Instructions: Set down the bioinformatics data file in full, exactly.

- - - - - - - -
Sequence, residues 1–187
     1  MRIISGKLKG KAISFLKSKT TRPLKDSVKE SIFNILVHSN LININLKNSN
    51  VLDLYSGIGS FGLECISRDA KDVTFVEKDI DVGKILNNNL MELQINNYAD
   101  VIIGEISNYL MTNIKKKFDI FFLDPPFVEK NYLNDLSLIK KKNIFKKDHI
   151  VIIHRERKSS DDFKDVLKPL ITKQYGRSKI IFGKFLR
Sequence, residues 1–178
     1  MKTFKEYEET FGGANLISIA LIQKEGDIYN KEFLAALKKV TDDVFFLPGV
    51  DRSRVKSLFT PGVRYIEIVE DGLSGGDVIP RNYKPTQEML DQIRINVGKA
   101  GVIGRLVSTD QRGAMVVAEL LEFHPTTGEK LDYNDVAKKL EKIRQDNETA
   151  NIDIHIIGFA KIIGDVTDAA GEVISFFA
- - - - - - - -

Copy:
Sequence, residues 1–187
     1  MRIISGKLKG KAISFLKSKT TRPLKDSVKE SIFNILVHSN LININLKNSN
    51  VLDLYSGIGS FGLECISRDA KDVTFVEKDI DVGKILNNNL MELQINNYAD
   101  VIIGEISNYL MTNIKKKFDI FFLDPPFVEK NYLNDLSLIK KKNIFKKDHI
   151  VIIHRERKSS DDFKDVLKPL ITKQYGRSKI IFGKFLR
Sequence, residues 1–178
     1  MKTFKEYEET FGGANLISIA LIQKEGDIYN KEFLAALKKV TDDVFFLPGV
    51  DRSRVKSLFT PGVRYIEIVE DGLSGGDVIP RNYKPTQEML DQIRINVGKA
   101  GVIGRLVSTD QRGAMVVAEL LEFHPTTGEK LDYNDVAKKL EKIRQDNETA
   151  NIDIHIIGFA KIIGDVTDAA GEVISFFA